That is why I am studying writing self-efficacy. I want to better understand how people become writers so I can help my students become the self-directed and self-regulated confident writers they need to become to succeed.

Thursday, September 16, 2010

Tweet, Tweet: This is My Class on Twitter

I admit it. I'm an avid reader of ProfHacker and often find myself inspired by ideas I find there -- ideas such as teaching with Twitter (Framework and Practical Advice). I also have several colleagues who tried Tweeting with their students and so it has been something I've thought about for a while. This semester I was inspired to use Twitter with my students for these reasons as well as the fact that my basic focus for the class was to explore the idea of writing for different audiences and for different purposes. Also, as I frequently teach online (as I am this semester) I was looking for a way to improve communication and increase the connections we make in class.

In the past I have worked to channel class communication to take place within BlackBoard and restrict the use of other channels of communication, such as email, to specific discussion of private issues, such as grades. I did use online chat programs, such as Instant Messenger, to confer with students about papers but this was hardly a daily occurrence. While the restriction of class interaction to BlackBoard did make teaching dozens of students more manageable and make all information available to everyone -- and not just the student who asked the right question -- it doesn't really promote a lot of give-and-take (in general). I have had (and am participating in some right now) great discussions in BlackBoard but there is also a lot of one-way communication rather than an actual conversation. Plus, the simple truth is that you have to log into BlackBoard to join the conversation. For busy students (and teachers) this doesn't happen as frequently as is possible using a communication channel such as Twitter. I have Twitter on the home page of my computer and mobile devices. I never just glance at BlackBoard like I do Twitter.

One of the reasons that I like Twitter for myself (the person, not the teacher) is that it allows me to communicate with friends and colleagues immediately. I can glance at my Twitter feed (as I do several times a day) to see what they are doing and/or thinking. Sometimes it is something interesting to me professionally and sometimes it is funny and sometimes it is poignant. I love these glimpses into the lives of my friends but I also love the ability to stay in touch with what is going on in the world as well as my profession.

I have found that pushing my students on to Twitter offers me similar glimpses into their lives. Whenever I check my class Twitter feed I gain new insight into who my students are and what interests them. Granted sometimes there is Too-Much-Information because some students don't filter but in general I know when someone is feeling under the weather or overwhelmed by life. I would not have known either of those things in a traditional online class although probably would have in a face-to-face one. While I might not really care what my students ate for dinner last night, I do like knowing more about their lives outside of class as it makes them more real and more accessible. I think for that reason Twitter has made me a better teacher.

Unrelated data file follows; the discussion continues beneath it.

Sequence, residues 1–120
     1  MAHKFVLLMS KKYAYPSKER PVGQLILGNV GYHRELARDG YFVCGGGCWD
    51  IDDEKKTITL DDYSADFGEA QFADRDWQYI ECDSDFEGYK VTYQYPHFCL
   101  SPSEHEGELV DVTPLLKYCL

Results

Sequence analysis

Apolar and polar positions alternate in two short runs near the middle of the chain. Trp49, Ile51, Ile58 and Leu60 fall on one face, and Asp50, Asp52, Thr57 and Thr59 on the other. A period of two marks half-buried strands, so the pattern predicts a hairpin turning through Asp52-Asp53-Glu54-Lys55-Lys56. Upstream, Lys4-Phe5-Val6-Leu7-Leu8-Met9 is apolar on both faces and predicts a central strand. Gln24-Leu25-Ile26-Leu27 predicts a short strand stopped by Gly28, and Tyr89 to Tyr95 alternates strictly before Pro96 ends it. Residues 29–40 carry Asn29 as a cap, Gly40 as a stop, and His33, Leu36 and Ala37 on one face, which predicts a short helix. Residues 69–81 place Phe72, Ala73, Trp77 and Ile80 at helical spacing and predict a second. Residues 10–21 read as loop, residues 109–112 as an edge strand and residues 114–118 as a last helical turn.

However, more than simple personal benefits, Twitter has had a direct impact on my teaching and the class in other ways that are beneficial. I can push out messages via Twitter that I would have previously had to send via announcements or email. Those methods work but also require more effort on the part of the students to access (they have to log into BlackBoard or their email server to see if there is anything new). They also seem so formal and heavy handed that I try to use them sparingly. I do post a new "Announcement" in BlackBoard every week (more if something comes up) but hate to overuse it. I can Tweet once or twice a day and it feels much more informal and more accessible. Of course that is my perception. We'll see how the students feel about it.

I have not required a certain number of Tweets from my students but instead required that they Tweet about certain things at certain times -- for example, Tweet about the reading selection you just posted to the class annotated bibliography on the class blog. This seems to have worked fairly well. Students are posting regularly about class business as well as personal lives. What I have found is that these posts help me keep track of the various subjects that students are working on (they were tasked to choose a theme for the class that included their intended profession) because I am getting regular reminders of these subjects. I hope the students are also seeing these trends and intersections among their work.

A month into the semester and I feel that Twitter has helped me get to know my online students better and to stay connected with them, so I feel my experiment has been worthwhile. In the end, the proof will be in the pudding -- did it improve my students' experience in the class? Some students have already commented that they feel more connected and like knowing there are real people "out there" reading their messages and classwork, but other students have complained that there are too many places where information must be posted and tracked. This is a valid complaint as I am using a class blog in addition to BlackBoard and Twitter. I wanted to open multiple channels of communication this semester and we'll just have to wait until the end of the semester to determine if that was a good choice, but, right now, from where I'm sitting, I'm pretty happy with my choice.